The 1,400-acre Summitville site sits atop a whacked-off mountain towering 11,500 feet above sea level. Gold was mined here as early as the 1870s, but it was a foreign mining company that 120 years later created a catastrophe whose cleanup could cost taxpayers up to $175 million.

Summitville was a chemistry lesson in disaster. In 1985, with the state's permits and blessing, the Summitville Consolidated Mining Company, Inc. (SCMCI), owned by the Canadian-based Galactic Resources Ltd., began mining for gold using an "open-pit heap-leach" method. More than 10 million tons of ore were dug from deep pits, crushed and piled up to twelve stories high on a lined pad, then sprinkled with a sodium cyanide solution. The liquid percolated down through the heap into a pond below. Gold was then extracted from this cyanide soup. In its six years of operation, SCMCI recovered about eight tons of the precious metal. In early December 1992, the company declared bankruptcy and abandoned the site.

On December 16, 1992, at the state's request, the EPA moved onto the site and found a pool brimming with cyanide and a variety of metals, ready to gush over the side of the mountain. SCMCI had underestimated the amount of snowfall and overestimated the amount of evaporation at that high altitude; moreover, the heap-leach pad had leaked its lethal brew from the start. The EPA's emergency response saved the day, says Victor Ketellapper, the agency's most recent Summitville project manager.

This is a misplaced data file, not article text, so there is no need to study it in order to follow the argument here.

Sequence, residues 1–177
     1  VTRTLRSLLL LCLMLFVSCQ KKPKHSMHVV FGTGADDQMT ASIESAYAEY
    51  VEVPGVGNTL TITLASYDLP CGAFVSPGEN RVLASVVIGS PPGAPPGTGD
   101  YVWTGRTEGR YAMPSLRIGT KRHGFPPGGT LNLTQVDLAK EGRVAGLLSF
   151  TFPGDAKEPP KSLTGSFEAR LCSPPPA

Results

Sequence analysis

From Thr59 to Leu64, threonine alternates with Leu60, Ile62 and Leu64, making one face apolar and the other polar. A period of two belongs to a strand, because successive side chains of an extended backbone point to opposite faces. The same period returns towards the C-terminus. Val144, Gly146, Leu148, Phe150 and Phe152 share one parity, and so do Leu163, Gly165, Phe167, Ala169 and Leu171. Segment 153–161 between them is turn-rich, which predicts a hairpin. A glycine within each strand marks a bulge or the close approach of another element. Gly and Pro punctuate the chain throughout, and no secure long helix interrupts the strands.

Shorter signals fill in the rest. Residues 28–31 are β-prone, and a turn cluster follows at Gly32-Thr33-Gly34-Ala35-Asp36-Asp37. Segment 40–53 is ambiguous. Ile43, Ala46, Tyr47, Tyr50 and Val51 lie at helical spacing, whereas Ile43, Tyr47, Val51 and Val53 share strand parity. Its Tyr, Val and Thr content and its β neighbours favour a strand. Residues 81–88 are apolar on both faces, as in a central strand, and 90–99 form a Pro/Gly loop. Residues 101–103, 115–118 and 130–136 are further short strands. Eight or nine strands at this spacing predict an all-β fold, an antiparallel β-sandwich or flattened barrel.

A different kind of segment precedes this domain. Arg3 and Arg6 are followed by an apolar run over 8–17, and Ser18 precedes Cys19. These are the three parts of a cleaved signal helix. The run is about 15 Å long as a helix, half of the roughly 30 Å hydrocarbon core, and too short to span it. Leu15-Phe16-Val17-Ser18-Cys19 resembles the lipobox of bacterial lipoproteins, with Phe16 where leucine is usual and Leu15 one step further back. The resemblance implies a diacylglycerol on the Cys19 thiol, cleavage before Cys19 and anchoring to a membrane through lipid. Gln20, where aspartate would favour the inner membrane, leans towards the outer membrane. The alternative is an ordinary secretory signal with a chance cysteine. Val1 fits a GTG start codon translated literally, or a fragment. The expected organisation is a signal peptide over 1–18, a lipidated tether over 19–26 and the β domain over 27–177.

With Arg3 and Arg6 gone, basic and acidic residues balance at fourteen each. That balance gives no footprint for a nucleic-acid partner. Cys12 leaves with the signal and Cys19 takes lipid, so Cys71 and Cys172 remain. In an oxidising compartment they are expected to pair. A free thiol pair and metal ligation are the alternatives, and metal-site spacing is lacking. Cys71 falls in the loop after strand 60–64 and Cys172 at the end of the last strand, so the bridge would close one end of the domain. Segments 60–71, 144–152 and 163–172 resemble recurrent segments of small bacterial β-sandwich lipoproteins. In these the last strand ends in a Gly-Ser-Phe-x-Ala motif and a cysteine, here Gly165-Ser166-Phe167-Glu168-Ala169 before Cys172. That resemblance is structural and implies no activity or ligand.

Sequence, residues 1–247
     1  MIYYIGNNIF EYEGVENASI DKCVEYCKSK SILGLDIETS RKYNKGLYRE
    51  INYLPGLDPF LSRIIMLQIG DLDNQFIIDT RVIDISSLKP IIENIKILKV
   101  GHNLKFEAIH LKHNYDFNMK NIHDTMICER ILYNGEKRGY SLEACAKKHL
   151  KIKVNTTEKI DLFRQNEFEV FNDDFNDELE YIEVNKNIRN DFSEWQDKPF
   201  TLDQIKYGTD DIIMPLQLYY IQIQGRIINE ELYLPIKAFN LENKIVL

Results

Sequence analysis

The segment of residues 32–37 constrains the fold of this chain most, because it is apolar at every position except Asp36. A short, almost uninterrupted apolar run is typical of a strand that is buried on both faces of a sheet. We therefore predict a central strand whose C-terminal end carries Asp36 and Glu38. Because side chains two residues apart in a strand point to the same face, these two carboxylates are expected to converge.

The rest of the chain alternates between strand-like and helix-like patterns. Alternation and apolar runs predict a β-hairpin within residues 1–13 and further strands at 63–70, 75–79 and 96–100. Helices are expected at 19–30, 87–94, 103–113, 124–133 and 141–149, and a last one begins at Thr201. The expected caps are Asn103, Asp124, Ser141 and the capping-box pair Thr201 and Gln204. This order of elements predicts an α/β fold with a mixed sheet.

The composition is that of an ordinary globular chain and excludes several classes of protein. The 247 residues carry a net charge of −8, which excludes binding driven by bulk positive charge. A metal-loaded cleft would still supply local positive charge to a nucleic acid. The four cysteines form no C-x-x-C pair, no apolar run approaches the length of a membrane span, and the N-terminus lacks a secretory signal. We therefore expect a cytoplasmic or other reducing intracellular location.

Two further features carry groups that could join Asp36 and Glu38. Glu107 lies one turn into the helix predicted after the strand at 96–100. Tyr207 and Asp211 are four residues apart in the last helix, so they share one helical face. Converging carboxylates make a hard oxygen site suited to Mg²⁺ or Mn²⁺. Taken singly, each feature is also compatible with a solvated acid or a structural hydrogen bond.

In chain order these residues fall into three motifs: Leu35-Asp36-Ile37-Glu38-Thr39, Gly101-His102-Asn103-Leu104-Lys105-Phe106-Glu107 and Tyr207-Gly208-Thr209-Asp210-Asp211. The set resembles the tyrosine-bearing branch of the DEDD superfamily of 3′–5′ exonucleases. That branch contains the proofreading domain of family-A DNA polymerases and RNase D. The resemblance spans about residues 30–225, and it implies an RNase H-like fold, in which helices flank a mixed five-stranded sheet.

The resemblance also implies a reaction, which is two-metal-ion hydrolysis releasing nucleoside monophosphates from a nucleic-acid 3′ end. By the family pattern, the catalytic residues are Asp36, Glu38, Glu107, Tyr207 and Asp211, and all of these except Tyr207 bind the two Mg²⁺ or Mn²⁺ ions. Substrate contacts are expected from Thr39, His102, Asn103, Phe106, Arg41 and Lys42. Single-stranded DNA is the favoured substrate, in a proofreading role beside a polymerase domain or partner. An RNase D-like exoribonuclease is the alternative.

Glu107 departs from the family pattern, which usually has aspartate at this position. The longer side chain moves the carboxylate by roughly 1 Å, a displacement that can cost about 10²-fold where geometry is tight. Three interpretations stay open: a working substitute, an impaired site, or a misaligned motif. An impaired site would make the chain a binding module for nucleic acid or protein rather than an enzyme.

But the emergency first aid was only the beginning.
In 1994 Summitville was declared a Superfund site. Since then, countless trucks loaded with earth and construction equipment have snaked up the eighteen miles of steep dirt roads in an effort to plug the flow of metal-laden waters from the mountain. Contractors are filling in the vast mining pit, creating a new "topsoil" by mixing lime and compost from local mushroom farms and replanting the area's fragile alpine vegetation. One hundred acres of the site were "reclaimed" last summer, and another 300 are left to go, says Angus Campbell of the Colorado Department of Public Health and Environment, which is overseeing the reclamation and footing 10 percent of the cleanup bill. The EPA remains responsible for the mine's water-treatment plant, which cleans 1,000 gallons of water per minute at a cost of $2.5 million per year and, the state predicts, could be required to run until the end of time.